Charlie skulked from building to building. He had to avoid the middle of the street and stay as close to the buildings as he could and off the main sidewalks. Gunfire rang out a block away. Charlie flinched at the pops. 

Citizens protecting themselves. Taxpayers at work, he thought.

He could see a huddled mass near an alley about a block away. There weren’t a lot of police on patrol that day. Not much they could do against a hail of gunfire, especially with only one or two on the force that day. Charlie didn’t see any law enforcement near the people, not even private security, only a lot of folks with bug eyes, terrified they might drop dead any second. Luckily a few of them were armed. They carried rifles slung over their shoulder, had pistols at their hips, and had no problem shooting anyone who looked like they might be bad news.

Charlie packed too. He’d gotten a pistol on pay day, two days before the last bombing and a week after the last school shooting. Before heading out he loaded his pockets with ammo. It wasn’t cheap, but it made him feel better. No one wanted to be a cop anymore. Bullets tore into the concrete wall near him. Looking over his shoulder, he realized there were a bunch of people on the rooftop across the plaza. Charlie thought about being a cop once, but the pay wasn’t great considering the danger. Another bullet took out a window a hundred feet from him.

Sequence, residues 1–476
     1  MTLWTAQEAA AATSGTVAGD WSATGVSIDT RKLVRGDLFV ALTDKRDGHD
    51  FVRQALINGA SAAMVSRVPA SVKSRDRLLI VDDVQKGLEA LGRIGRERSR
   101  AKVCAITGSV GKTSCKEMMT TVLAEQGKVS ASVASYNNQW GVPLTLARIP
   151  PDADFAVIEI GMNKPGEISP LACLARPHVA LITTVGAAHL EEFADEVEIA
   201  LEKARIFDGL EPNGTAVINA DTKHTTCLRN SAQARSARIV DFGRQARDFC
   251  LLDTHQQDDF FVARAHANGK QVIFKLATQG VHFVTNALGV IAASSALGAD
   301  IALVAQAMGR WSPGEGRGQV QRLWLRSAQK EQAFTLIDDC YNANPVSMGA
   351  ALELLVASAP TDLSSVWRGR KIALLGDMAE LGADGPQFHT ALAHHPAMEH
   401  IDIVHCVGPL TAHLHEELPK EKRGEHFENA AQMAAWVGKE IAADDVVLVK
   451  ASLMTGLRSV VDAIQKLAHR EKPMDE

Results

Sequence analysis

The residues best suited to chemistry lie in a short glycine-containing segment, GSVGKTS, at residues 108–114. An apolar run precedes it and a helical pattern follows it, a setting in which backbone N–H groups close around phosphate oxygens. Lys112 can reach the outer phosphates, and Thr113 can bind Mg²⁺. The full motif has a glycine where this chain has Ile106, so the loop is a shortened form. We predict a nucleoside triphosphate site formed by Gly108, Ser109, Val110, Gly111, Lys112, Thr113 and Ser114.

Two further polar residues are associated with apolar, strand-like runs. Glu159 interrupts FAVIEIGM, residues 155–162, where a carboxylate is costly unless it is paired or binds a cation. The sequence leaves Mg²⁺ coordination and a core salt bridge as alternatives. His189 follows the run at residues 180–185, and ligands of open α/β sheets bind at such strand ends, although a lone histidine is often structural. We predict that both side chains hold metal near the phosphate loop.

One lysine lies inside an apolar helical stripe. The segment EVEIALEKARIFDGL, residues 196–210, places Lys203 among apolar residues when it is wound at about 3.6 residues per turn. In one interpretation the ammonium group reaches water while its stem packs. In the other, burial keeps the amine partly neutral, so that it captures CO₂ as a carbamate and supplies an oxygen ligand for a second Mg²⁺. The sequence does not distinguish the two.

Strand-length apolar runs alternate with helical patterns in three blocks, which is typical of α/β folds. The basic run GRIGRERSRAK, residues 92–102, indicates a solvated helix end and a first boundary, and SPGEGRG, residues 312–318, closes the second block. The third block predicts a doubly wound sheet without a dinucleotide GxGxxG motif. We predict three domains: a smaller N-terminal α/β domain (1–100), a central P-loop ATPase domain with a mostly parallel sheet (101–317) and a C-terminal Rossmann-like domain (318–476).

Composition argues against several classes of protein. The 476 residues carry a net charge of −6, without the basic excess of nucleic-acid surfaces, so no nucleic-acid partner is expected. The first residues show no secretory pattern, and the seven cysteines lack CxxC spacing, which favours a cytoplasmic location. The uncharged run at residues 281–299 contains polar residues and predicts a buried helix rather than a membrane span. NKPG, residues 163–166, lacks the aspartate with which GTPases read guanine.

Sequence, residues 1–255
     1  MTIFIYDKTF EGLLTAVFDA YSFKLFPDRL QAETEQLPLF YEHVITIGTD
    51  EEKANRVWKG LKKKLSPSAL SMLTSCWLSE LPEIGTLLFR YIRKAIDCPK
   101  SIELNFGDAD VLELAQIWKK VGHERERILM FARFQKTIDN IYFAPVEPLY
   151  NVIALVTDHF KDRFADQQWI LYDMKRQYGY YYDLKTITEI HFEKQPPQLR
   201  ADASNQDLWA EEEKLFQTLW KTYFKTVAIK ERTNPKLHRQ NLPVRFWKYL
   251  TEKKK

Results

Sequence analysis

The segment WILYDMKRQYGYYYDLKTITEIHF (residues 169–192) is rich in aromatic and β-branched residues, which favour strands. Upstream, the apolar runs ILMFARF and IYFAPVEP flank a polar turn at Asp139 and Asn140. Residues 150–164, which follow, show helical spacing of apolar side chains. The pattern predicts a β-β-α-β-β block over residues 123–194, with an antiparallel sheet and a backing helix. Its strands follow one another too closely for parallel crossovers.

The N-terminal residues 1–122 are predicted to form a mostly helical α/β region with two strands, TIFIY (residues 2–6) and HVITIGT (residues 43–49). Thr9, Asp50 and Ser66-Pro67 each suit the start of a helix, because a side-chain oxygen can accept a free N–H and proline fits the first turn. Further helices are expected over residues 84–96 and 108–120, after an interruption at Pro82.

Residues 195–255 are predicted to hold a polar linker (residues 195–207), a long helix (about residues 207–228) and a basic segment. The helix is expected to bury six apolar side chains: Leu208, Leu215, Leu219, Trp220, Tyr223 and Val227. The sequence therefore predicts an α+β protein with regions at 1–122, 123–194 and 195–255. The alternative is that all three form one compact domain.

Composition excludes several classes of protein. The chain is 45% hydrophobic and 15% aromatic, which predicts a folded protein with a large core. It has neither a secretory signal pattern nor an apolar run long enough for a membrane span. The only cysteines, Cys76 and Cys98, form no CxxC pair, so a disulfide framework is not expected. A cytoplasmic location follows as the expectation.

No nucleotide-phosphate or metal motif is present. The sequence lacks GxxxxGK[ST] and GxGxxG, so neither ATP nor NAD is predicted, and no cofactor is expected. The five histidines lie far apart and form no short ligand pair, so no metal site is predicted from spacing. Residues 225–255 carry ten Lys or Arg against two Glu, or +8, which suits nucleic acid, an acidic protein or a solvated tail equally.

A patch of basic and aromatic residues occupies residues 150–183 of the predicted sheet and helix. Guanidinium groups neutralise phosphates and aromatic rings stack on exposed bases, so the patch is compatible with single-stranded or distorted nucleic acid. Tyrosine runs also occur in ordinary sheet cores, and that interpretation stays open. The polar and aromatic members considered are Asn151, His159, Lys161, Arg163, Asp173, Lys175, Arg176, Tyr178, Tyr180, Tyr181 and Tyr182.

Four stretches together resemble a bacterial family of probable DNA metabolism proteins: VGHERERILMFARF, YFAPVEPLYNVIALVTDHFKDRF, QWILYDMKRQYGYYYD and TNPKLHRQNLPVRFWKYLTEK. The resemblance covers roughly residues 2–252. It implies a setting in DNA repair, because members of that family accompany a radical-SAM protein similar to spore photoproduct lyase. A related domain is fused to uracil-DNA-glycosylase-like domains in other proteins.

Not a good day to be out, he thought.  He made his way to the crowd and waited in line. They were shuffling inside, thankfully out of view of the people on the roof. An older woman held her right shoulder. Blood dripped from a wound there. One of the armed men watched her suspiciously. A shiny-headed bald man stood next to him, also armed. He flexed a cold stare in Charlie’s direction.

“Are you even registered to vote?” the man asked him.

He looks like a turkey vulture, Charlie thought. He’s like one of those birds that feed on the dead. They have no feathers from the neck up, only mottled, nasty flesh. It’s so they can stick their entire head inside dead animals. He’s looking at me like I’m a dead animal.

Charlie nodded. “Of course I am.”

“Let’s see your voter identification card then,” the turkey vulture replied.

“Are you with the elections office?”

The man laughed, “Are you?”

Charlie reached into his back pocket. “It’s fine. I’ll show you. I’m only here to vote.”

“He’s going for a gun!”

And then Charlie was dead.

Published by Patrick Whitehurst